Raising climate awareness through cli-fi – An interview with Yasmeen Cohen about her YA novel The Helix

Six years ago, Yasmeen Cohen (BA Journalism and Economics, 2014) attended an event that opened her eyes to the destruction of the environment. Today, she is Sustainability & Climate Analytics Lead at Deloitte and about to publish her first novel, The Helix. A fantasy novel for young adults, The Helix falls into the climate fiction (cli-fi) genre and hopes to inspire young people to take action. 

 

Yasmeen CohenWhen Yasmeen Cohen attended a TEDx talk about the impact plastics have on the ocean, it changed her life.
“For me, it was really that moment where I had my conscious awakening to what was happening around me,” Yasmeen says, recalling the suffering of vulnerable marine animals. “I was kind of shocked by my own behaviour, the fact that I never thought: Where does my trash go?”
Yasmeen approached the speaker after the talk to discuss how her own work could benefit the environment, and she hasn’t looked back since.
“I’ve solely dedicated myself to trying to help and protect our climate and fighting climate change.”
Six years later, Yasmeen is the Sustainability & Climate Analytics Lead at Deloitte in London and about to publish her first novel; The Helix. The novel is the first part of a fantasy trilogy for young adults, which falls into the relatively young but growing literary genre of climate fiction or cli-fi, an abbreviation coined by journalist Dan Bloom.
“This is a new genre looking at a much more optimistic message and empowering readers. It’s trying to draw on the type of sentiments that are actually going to create change rather than dread,” Yasmeen explains.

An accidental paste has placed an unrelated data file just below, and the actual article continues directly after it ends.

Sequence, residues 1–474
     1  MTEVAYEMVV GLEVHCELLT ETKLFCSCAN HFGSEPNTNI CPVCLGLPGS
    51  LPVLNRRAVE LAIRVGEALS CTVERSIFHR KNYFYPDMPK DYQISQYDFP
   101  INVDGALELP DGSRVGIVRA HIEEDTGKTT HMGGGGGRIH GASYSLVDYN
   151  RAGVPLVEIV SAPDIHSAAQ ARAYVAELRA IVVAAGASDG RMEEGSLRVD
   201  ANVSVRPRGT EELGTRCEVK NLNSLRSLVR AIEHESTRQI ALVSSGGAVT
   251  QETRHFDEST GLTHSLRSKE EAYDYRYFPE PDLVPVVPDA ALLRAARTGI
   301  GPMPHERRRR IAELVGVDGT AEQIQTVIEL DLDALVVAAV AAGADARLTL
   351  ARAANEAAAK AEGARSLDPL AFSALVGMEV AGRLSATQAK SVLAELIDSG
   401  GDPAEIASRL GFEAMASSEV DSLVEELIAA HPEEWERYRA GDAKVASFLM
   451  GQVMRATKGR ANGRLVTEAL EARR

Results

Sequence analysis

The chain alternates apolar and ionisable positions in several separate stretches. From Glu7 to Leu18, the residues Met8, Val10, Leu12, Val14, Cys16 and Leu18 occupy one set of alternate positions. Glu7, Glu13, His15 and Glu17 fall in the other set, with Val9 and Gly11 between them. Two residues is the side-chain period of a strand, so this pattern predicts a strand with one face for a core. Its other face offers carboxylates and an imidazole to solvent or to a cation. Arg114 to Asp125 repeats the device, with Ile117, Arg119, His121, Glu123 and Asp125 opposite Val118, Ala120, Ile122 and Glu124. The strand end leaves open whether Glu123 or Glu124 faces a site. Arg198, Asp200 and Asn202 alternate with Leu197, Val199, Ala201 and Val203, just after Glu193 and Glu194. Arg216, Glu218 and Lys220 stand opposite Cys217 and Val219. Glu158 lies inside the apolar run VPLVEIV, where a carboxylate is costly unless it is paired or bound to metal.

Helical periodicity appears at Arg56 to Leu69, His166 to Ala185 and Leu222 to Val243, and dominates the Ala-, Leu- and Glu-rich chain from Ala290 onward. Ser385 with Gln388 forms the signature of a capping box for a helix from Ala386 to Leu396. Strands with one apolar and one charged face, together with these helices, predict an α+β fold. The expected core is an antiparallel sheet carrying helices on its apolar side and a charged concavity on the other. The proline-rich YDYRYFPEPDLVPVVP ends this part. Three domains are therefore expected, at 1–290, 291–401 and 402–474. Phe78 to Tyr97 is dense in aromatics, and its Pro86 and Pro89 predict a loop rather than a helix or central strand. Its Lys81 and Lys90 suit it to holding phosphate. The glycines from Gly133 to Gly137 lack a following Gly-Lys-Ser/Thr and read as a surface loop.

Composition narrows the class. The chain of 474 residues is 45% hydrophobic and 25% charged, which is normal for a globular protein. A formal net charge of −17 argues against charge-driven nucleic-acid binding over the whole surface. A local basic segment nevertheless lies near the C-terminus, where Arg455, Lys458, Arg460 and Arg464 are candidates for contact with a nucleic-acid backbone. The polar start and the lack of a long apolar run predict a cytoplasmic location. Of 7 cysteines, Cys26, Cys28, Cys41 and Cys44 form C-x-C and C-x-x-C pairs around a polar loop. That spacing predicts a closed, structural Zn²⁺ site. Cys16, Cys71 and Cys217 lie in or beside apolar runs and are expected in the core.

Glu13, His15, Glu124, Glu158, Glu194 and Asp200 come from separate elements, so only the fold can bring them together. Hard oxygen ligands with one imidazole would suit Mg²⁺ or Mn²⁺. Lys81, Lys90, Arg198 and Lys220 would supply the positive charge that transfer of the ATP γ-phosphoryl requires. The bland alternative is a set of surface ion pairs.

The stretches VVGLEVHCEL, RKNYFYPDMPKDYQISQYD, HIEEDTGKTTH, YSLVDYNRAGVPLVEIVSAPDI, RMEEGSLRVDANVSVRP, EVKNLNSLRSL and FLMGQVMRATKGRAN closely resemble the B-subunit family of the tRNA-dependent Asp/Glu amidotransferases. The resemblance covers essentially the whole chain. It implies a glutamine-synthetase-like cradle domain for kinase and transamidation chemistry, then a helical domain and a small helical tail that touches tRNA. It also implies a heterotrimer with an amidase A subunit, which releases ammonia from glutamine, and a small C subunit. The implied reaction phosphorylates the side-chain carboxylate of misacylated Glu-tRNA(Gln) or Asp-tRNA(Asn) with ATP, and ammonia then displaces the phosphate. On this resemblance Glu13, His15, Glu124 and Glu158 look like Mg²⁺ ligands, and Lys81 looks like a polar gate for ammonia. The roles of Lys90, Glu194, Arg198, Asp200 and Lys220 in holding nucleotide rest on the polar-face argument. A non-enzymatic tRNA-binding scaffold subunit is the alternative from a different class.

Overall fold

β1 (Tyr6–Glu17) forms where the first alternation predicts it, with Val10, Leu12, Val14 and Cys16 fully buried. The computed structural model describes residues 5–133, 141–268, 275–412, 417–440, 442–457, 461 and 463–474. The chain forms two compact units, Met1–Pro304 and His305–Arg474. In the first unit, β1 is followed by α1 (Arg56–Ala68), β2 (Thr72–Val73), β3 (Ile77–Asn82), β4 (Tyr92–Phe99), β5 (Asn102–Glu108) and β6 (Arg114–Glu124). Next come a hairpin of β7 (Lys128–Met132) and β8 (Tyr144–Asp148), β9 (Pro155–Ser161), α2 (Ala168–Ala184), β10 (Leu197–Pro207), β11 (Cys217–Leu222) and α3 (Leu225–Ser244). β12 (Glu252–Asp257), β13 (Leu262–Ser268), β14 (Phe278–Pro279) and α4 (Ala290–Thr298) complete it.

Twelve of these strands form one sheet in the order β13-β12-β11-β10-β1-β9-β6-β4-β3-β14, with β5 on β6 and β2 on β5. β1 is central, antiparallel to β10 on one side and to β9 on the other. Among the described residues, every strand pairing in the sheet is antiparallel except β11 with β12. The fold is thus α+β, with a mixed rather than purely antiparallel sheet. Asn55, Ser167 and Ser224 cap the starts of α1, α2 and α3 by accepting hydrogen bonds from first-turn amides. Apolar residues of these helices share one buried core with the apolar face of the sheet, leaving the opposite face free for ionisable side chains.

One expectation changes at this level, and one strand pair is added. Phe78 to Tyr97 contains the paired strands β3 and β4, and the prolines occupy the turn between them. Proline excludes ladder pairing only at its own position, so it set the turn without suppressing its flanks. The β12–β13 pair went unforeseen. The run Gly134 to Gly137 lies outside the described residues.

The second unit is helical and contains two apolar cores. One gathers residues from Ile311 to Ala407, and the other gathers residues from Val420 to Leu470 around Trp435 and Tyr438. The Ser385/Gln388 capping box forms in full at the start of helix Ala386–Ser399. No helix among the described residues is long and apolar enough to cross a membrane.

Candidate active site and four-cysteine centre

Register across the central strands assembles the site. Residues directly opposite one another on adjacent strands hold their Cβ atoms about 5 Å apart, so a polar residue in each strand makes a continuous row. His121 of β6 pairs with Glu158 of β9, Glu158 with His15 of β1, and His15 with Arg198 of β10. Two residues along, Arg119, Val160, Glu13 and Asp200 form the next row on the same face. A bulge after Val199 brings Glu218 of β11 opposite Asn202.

In The Helix, set against today’s pressing need to fight climate change, Ella’s journey through the multiverse demonstrates the power of technology, collaboration and stubborn optimism.
“It’s about a girl who travels through a series of parallel universes to discover her past,” Yasmeen says.
Yasmeen hopes the readers will take away three things from her novel. First, she wants to encourage readers to become more conscious and aware of their surroundings and their connectedness with it.
“Ideally, having that moment of realisation that we’re not separate from our environment, we are our environment. And so, if we are part of our environment, we then have a role in protecting it and helping nature regenerate.”
Second, she wants the reader to realise that we are “masters of our own destiny”. By acknowledging the reality we live in, and working through the fear this realisation might cause, we can create important change.
“The reason why I believe that to be really important, is because if you embrace that fear and get over that fear, we’re going to break free from this paralysis that we’re in at the moment and really start transforming into catalysts of change.”
Third, Yasmeen hopes that readers will be inspired by the protagonists in the story.
“Hopefully prompting them to take their own local action, think about what they can do in their daily lives, and what changes they can make as of today.”

The cover art of the novel.Asked about the ups and downs of writing her first novel, Yasmeen is quick to identify what has brought her joy and the challenges she has faced.
“I’m dyslexic, which people usually automatically think of as spelling, which is part of it, but not the biggest part. For me, personally, it impacts my short-term memory.”
Having a “goldfish-type memory”, as Yasmeen calls it, meant she couldn’t just write in big blocks on the weekend. Yasmeen needed to write every day to remember what she had done the previous day and build a long-term memory of her writing.